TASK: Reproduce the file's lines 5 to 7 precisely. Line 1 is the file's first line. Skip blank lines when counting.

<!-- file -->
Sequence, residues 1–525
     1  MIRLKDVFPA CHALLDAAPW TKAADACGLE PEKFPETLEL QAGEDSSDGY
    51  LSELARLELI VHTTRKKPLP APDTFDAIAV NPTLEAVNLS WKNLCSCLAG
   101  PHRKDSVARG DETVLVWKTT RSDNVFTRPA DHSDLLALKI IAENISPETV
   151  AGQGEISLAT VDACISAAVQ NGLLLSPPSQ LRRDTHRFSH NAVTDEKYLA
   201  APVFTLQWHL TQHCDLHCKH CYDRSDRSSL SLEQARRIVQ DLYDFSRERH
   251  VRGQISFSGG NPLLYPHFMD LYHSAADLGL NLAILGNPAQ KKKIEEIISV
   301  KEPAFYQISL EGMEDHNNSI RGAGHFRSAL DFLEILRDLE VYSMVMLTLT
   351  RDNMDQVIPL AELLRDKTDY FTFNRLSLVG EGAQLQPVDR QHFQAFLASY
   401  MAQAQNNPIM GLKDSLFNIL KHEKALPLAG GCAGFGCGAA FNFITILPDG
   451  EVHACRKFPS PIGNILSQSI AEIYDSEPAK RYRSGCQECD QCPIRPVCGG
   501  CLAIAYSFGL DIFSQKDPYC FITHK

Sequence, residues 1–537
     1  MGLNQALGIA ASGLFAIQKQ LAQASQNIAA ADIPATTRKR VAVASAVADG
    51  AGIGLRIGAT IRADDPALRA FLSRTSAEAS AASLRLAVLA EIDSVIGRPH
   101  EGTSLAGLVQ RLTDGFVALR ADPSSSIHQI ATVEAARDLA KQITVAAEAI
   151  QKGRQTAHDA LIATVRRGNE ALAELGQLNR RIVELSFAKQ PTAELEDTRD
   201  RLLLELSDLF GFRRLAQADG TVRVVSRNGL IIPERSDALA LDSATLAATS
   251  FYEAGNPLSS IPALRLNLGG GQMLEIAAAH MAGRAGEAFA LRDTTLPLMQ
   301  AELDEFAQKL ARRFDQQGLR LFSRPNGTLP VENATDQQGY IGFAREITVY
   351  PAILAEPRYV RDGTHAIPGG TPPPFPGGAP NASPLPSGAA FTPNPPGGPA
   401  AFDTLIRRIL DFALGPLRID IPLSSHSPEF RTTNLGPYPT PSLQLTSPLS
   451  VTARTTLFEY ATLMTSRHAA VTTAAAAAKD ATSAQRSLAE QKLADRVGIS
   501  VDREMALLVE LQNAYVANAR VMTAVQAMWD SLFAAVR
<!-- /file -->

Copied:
   151  AGQGEISLAT VDACISAAVQ NGLLLSPPSQ LRRDTHRFSH NAVTDEKYLA
   201  APVFTLQWHL TQHCDLHCKH CYDRSDRSSL SLEQARRIVQ DLYDFSRERH
   251  VRGQISFSGG NPLLYPHFMD LYHSAADLGL NLAILGNPAQ KKKIEEIISV